Foster Families Wait in a Legal Limbo, Says Child Advocate

Legal vacuum lets foster families wait up to a year without receiving a penny from the Social Affairs Ministry for the children in their care.

The head of the National Council for the Child, Yitzhak Kadman, asked Social Affairs Minister Moshe Kahlon last week to move ahead legislation that would end the legal vacuum that lets foster families wait up to a year without receiving a penny from the Social Affairs Ministry for the children in their care.

Take the case of 6-year-old S, whose parents have complex medical problems. When he was 4 years old, S was found wandering the streets. He could not talk, he would bite people and steal food from shops.

A year ago, a woman in his neighborhood took in S as a foster child with the knowledge of the local welfare authorities. However, it took the placement committee of the Social Affairs Ministry 18 months to decide the child should be placed in foster care.

To this day, S's foster mom and her family have received no government funding. The foster care has not been made official, even though the family passed muster with the welfare authorities as a suitable home. So S is being raised on altruistic volunteerism.

The boy's biological mother has asked for the child back, and the unofficial foster mother says she does not know how to proceed, as there is no law that defines how such situations should be dealt with.

The adoption of children and their removal from their homes to residential care are areas in which the law has been spelled out. But foster care, which affects 2,600 children living in 1,800 foster families, operates according to internal procedures of the Social Affairs Ministry. Approval for foster care requires testing to determine a family's suitability, formal recognition of the set-up and providing guidance for the family - all of which falls to private bodies contracted to the ministry.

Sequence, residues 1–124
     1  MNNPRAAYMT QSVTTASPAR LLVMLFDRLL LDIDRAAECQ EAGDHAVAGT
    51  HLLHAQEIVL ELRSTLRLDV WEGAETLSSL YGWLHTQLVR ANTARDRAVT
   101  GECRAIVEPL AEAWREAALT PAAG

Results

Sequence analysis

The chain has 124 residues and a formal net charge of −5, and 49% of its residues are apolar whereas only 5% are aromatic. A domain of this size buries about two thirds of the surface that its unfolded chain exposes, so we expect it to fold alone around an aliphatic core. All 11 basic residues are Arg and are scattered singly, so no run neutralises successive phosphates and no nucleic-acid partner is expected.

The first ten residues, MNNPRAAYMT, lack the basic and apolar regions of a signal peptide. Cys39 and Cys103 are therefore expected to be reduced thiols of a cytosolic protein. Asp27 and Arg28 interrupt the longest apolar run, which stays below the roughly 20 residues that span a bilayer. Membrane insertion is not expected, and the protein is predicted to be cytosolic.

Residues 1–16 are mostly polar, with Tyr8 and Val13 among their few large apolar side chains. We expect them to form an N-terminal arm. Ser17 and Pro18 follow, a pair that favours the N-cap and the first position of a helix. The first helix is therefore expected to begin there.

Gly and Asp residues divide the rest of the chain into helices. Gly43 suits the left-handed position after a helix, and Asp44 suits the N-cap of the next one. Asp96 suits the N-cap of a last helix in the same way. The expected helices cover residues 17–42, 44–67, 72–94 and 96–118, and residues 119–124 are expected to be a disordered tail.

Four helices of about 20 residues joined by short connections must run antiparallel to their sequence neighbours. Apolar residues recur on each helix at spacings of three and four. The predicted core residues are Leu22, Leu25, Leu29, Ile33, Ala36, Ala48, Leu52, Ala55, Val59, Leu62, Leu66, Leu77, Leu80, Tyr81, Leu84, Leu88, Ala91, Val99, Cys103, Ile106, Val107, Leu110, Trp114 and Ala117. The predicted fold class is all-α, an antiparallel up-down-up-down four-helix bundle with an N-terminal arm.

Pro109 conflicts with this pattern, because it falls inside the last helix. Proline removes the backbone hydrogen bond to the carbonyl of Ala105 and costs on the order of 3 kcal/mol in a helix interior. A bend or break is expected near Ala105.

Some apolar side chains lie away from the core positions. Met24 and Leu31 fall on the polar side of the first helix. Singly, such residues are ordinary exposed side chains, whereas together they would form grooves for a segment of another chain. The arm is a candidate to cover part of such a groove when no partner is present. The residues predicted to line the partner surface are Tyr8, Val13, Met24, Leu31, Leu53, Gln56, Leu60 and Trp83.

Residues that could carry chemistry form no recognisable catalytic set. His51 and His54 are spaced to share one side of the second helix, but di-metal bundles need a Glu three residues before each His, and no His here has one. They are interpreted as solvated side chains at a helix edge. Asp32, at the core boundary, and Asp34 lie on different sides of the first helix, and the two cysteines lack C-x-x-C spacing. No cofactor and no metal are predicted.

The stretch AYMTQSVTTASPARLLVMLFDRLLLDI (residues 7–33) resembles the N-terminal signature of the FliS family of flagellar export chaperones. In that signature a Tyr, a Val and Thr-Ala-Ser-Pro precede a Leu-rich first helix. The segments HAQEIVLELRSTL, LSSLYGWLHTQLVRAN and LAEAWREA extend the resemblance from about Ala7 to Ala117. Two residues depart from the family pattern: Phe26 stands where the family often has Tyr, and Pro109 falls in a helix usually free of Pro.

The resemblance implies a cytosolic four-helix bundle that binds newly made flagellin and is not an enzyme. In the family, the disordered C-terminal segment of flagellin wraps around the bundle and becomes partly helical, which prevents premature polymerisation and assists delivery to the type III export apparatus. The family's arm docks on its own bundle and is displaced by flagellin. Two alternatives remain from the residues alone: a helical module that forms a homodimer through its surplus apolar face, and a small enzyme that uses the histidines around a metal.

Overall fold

According to Social Affairs Ministry statistics, 65 percent of families take in foster children after being checked and found suitable by the ministry. However, in most of the other cases, relatives have taken in a child with consent coming from the authorities after the fact, and considerable time is needed to check suitability. Masha, a foster mother, has been raising a girl from abroad after her parents could no longer care for her. "We approached the Social Affairs Ministry in February, and only the following January were we recognized as a foster family," says Masha. "The absurdity is that we were told in November that we had passed all the tests but we were only officially recognized and received funding from January."

The Social Affairs Ministry said in response that payment is retroactive from the moment the committee determines that a child needs placement outside the home and begins the placement process. In other words, if the committee meets in January, and approves the family in May, for example, the family will be reimbursed retroactively from January, the ministry said.